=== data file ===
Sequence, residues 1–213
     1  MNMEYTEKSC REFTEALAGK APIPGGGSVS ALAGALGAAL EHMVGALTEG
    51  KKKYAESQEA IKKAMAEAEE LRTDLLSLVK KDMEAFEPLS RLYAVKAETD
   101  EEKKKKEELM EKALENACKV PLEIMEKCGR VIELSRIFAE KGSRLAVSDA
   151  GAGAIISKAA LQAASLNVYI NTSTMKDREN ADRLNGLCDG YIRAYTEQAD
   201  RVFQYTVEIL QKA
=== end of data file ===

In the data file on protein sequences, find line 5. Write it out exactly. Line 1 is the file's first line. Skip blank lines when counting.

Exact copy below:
   151  GAGAIISKAA LQAASLNVYI NTSTMKDREN ADRLNGLCDG YIRAYTEQAD